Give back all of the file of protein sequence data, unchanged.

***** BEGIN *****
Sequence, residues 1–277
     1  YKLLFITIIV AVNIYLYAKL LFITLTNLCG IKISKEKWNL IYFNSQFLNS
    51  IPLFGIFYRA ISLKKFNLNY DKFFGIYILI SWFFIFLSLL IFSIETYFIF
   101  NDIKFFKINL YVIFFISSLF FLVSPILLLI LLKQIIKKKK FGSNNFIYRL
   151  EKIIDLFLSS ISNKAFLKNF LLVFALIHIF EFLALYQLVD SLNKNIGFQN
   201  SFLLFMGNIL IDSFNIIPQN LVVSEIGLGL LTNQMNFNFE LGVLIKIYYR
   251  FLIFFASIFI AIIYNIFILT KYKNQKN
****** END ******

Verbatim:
Sequence, residues 1–277
     1  YKLLFITIIV AVNIYLYAKL LFITLTNLCG IKISKEKWNL IYFNSQFLNS
    51  IPLFGIFYRA ISLKKFNLNY DKFFGIYILI SWFFIFLSLL IFSIETYFIF
   101  NDIKFFKINL YVIFFISSLF FLVSPILLLI LLKQIIKKKK FGSNNFIYRL
   151  EKIIDLFLSS ISNKAFLKNF LLVFALIHIF EFLALYQLVD SLNKNIGFQN
   201  SFLLFMGNIL IDSFNIIPQN LVVSEIGLGL LTNQMNFNFE LGVLIKIYYR
   251  FLIFFASIFI AIIYNIFILT KYKNQKN